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Dani Meier
Dani Meier

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Data-driven Unit Tests with Jest

Photo by Markus Spiske on Unsplash

Data-driven Unit Tests are an easy and efficient way to run a test with a range of input data. That can be useful in situations like

  • testing against a broader range of values
  • testing for null and undefined values
  • testing against edge cases, e.g., for dates (beginning of the month, end of the month, …)
  • or to tweak your unit test stats - because each input row counts as a separate test. Your manager will be impressed. πŸ˜‰

Simple sample

Let’s define a simple test to check if a number is even:

it('should be even', () => {
    expect(2 % 2).toBe(0);
 βœ“ is even

To check a series of numbers, we can use Jest’s it.each (or test.each, since it is just an alias of test). We pass the input data as an array, each item is then tested individually (n).

it.each([2,4,6])('should be even', (n) => {
    expect(n % 2).toBe(0);
βœ“ should be even
βœ“ should be even
βœ“ should be even

We can use several predefined tokens to improve the name of the test, which makes it easier to locate a failing test:

it.each([2,4,5,6])('%i should be even', (n) => {
    expect(n % 2).toBe(0);
βœ“ 2 should be even
βœ“ 4 should be even
βœ• 5 should be even
βœ“ 6 should be even

Multiple parameters

You can pass multiple parameters to your test as well. In the next sample, we pass the expected value to the test as well:

it.each([[2,4], [6,36], [8,64]])('can square %i to %s', (n, expected) => {
βœ“ can square 2 to 4
βœ“ can square 6 to 36
βœ“ can square 8 to 64

The input table is defined as an array of arrays. Each inner array is one row of the input table.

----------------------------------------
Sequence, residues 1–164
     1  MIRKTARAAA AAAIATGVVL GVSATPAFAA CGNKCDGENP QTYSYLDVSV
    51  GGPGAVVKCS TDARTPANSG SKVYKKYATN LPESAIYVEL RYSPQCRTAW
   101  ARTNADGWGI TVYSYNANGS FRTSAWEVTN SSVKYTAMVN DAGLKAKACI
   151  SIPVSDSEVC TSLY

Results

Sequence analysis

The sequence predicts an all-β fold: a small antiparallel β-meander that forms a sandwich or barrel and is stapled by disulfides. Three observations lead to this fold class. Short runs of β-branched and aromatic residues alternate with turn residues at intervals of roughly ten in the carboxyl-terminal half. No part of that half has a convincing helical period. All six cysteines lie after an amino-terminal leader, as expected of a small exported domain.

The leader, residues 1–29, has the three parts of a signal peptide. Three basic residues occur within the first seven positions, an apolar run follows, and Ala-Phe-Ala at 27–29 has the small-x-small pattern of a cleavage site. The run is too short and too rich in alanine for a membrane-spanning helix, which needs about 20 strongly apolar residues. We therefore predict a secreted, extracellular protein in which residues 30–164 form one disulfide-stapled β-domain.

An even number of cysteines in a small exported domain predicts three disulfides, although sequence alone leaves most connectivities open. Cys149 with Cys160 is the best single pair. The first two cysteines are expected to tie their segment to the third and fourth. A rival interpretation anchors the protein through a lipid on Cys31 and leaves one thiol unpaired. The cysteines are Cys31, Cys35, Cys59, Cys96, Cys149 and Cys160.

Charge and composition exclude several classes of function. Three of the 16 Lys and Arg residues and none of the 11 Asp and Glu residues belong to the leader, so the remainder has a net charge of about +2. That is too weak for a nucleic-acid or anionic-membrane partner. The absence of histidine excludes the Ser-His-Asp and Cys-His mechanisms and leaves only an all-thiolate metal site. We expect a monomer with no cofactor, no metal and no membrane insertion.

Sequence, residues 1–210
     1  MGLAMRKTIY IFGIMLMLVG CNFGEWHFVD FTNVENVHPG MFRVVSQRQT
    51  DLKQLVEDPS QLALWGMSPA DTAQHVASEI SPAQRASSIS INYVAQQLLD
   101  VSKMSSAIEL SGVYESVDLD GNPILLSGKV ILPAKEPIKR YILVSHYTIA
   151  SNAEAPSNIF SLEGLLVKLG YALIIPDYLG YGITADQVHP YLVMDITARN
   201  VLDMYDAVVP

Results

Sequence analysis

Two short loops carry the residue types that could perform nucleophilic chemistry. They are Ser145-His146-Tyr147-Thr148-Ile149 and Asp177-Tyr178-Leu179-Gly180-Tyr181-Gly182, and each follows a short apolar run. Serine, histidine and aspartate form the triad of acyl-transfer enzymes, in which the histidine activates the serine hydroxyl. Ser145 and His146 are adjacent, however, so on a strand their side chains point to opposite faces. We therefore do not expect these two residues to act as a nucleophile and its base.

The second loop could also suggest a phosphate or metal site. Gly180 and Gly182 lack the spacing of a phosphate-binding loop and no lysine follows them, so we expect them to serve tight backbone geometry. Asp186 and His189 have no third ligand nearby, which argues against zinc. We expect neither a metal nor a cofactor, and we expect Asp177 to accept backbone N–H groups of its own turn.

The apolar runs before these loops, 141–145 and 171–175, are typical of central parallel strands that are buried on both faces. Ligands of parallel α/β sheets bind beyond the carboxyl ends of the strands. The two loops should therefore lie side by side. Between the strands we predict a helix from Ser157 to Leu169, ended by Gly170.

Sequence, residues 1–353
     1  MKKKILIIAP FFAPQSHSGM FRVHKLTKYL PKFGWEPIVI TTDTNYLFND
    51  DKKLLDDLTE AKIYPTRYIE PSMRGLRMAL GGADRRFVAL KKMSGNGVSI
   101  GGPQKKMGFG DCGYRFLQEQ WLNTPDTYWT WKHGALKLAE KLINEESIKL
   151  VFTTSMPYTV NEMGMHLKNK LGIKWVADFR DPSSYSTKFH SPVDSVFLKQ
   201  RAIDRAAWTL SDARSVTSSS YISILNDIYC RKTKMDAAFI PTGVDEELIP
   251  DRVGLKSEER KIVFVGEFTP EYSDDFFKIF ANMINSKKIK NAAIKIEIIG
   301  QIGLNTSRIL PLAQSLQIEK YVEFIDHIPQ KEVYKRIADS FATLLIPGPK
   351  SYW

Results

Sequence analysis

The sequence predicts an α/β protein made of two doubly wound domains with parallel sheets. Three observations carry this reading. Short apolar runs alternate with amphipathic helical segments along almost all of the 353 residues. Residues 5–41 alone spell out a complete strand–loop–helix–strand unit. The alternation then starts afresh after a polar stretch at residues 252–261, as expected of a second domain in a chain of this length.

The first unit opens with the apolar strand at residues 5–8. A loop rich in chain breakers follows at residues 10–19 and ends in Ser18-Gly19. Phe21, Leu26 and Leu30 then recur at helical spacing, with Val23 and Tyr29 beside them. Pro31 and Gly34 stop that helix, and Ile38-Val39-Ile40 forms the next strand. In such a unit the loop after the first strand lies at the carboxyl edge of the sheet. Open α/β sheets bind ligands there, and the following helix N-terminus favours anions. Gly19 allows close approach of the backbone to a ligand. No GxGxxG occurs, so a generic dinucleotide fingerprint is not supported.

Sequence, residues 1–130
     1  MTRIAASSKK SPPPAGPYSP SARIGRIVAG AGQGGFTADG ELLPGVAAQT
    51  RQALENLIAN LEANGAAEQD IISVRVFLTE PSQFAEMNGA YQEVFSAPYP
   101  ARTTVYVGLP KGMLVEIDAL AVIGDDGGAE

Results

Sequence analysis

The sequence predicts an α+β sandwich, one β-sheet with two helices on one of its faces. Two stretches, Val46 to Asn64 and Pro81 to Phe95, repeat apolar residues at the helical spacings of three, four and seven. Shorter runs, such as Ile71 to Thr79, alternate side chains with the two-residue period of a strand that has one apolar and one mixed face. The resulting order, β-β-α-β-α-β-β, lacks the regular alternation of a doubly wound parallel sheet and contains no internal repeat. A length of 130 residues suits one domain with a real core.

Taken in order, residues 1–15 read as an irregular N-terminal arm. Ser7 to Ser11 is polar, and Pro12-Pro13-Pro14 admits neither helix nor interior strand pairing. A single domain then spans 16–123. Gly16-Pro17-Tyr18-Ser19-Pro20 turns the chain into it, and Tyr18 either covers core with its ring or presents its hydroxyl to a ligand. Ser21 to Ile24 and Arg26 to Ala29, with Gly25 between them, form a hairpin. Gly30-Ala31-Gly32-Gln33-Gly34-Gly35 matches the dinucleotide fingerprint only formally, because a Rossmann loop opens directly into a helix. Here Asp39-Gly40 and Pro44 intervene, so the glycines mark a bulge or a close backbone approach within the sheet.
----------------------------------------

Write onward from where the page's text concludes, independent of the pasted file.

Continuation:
I like tests to be well readable, understandable and clear in their intention. The focus should be on the actual test and not on the implementation. Jest provides a syntax that supports exactly that:

      n     | expected
      ${1}  | ${1}
      ${2}  | ${4}
      ${4}  | ${16}
      ${12} | ${144}
    `('can square $n to $expected', ({ n, expected }) => {
βœ“ can square 1 to 1
βœ“ can square 2 to 4
βœ“ can square 4 to 16
βœ“ can square 12 to 144

The input table now looks like an actual table. It is defined as a template string, in which the first row contains the variables names separated by a pipe |. Each subsequent row is one combination of input data to run the test against, defined as a template literal expression.
You can reference the variable names inside the test name with $variable.

Run multiple tests

.each is also available for describe-Blocks, which makes it easy to run multiple tests or even a whole test suite against a set of input data.

    x     | y
    ${10} | ${2}
    ${9}  | ${3}
    ${8}  | ${4}
`('With x=$x and y=$y', ({x, y}) => {
    it('x should be larger then y', () => {

    it('should x should by dividable by y without rest', () => {
        expect(x % y).toBe(0);
With x=10 and y=2
    βœ“ x should be larger then y
    βœ“ should x should by dividable by y without rest
With x=9 and y=3
    βœ“ x should be larger then y (1ms)
    βœ“ should x should by dividable by y without rest
With x=8 and y=4
    βœ“ x should be larger then y
    βœ“ should x should by dividable by y without rest (1ms)

You can even combine describe.each and it.each, but keep an eye on comprehensibility.

Top comments (3)

leogalani profile image
Leonardo Barba Galani

might sound silly but ... thanks.
this opens so many possibilities!

chrisachard profile image
Chris Achard

Tests are something I know I should do more of, but keep putting off πŸ€¦β€β™‚οΈ Do you have any advice for how to make sure I keep doing them?

wolverineks profile image
Kevin Sullivan

Testing is a skill and a habit. You have to practice it. It's not a light switch you can turn on when you want to. TDD small stuff in your spare time, then grow it bigger and more often. Then repeat, but at work. It'll take a while, but it's worth it.